Show them what you can bring to the table. Do you have experience with nutrition? Working with MMA fighters? Were you a college athlete? What separates you from the rest of the people applying for this position? Why should they hire you? What will you do for them?
Have a “philosophy” or know what you believe in. I had a coach tell me he doesn’t believe in having a philosophy because it’s something you only believe in for a certain time and it could very well change. Well, if you believed in one philosophy at one time, how come you don’t believe in it anymore? Another former coach of mine explained that he had a “methodology” instead of a philosophy because it’s based on science, not belief. I thought that was a great twist.
Just have a clue as to what you believe in. Keep it simple. Olympic lifts for power or dynamic box squats? Or both? Full body training or split? Remember the importance of single-leg movements, torso training, injury prevention, exercise form and technique, and developing fast and powerful athletes. What will give us the most bang for the buck? Everyone wants to follow the path of water—the path of least resistance. What can we do to give us the most results with the least amount of work? What do you believe in? If you had a program, what are your program principles?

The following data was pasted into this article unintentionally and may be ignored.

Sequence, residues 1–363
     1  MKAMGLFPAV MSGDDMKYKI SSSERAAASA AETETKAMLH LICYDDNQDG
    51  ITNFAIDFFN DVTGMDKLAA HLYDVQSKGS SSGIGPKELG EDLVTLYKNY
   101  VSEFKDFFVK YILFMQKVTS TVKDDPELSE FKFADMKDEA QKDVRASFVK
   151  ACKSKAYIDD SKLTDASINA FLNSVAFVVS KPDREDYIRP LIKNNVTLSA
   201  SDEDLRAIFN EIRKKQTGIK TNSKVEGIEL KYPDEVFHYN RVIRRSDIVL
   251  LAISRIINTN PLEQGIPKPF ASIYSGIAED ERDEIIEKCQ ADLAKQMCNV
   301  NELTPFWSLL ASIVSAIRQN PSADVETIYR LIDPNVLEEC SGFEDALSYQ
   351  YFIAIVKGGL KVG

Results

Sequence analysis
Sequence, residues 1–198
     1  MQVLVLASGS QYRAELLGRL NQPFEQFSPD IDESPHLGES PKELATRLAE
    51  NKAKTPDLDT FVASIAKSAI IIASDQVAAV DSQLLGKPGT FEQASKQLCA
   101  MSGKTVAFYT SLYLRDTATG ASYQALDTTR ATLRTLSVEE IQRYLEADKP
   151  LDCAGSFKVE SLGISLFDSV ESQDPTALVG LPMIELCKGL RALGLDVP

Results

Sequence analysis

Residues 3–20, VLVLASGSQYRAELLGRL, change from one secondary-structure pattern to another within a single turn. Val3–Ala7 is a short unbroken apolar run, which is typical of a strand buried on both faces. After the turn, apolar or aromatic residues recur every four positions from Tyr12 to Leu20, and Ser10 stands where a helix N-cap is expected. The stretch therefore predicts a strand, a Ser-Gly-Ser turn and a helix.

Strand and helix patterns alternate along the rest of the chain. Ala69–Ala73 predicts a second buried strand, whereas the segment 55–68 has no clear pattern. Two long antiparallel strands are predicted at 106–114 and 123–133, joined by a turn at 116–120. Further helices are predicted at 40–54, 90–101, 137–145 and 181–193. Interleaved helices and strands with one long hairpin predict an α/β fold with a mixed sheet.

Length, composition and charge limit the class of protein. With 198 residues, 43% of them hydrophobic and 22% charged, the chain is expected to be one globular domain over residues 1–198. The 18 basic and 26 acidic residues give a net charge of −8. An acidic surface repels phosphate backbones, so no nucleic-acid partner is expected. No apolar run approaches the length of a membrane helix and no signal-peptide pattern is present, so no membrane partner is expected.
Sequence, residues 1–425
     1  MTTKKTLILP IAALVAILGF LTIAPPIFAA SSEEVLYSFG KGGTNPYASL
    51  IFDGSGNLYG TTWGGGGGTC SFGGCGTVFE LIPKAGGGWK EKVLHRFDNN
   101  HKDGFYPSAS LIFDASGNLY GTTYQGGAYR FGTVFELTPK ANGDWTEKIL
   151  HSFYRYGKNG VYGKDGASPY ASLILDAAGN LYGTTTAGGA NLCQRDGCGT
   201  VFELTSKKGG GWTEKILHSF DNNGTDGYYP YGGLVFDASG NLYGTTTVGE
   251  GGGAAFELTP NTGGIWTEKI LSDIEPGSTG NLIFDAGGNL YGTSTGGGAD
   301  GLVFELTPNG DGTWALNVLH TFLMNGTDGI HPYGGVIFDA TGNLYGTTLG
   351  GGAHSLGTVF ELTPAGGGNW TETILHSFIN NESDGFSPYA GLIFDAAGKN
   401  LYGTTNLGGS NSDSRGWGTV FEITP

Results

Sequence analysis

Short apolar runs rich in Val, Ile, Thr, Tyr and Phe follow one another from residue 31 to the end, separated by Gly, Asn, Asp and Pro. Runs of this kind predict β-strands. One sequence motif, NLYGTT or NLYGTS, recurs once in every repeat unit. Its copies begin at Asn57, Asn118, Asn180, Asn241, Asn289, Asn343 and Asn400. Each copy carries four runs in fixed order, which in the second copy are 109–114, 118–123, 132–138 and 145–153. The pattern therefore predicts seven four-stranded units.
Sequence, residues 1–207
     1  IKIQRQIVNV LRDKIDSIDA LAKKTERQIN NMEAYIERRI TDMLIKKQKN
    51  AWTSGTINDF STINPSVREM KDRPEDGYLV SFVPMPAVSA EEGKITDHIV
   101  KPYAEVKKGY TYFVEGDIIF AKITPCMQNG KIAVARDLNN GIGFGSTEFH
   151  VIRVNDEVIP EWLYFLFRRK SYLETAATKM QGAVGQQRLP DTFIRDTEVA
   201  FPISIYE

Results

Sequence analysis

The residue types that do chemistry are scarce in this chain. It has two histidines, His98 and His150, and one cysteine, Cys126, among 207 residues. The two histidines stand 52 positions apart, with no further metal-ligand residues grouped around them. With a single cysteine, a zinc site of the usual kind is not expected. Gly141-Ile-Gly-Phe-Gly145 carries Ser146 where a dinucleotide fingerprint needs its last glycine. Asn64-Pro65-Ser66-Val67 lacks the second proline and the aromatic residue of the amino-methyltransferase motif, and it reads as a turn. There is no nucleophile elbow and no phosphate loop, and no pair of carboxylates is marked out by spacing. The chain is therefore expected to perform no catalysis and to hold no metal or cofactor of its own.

Understand the basic good/bad ways of handling issues. They may put you in a scenario of program design or dealing with staff issues. These are the “What would you do if…” questions. You will get these. Always act in the best interest of being a professional. Make sure you cover yourself on every corner.
Hopefully, you made it this far and killed your phone interview. You’re now on the right path to setting up your future as a strength and conditioning professional. Now, what do you do when you show up? In my next article, I’ll show you how to make the most out of your internship, whether it’s the best opportunity of your life or simply not what you expected.
Adam Feit is Precision Nutrition’s head strength and sport psychology coach. Dr. Feit earned his PhD in Sport and Exercise Psychology from Springfield College. He also holds a master’s degree in Exercise Science and Health Promotion from the California University of Pennsylvania and a bachelor’s degree in Applied Exercise Science from Springfield College.
Prior to his work at Precision Nutrition, Dr. Feit worked as a strength and conditioning coach and nutrition coordinator for athletes and sports teams. His clients included the Carolina Panthers, Eastern Michigan University, University of Louisville, and The Citadel. He also co-founded and directed a fitness facility for young athletes.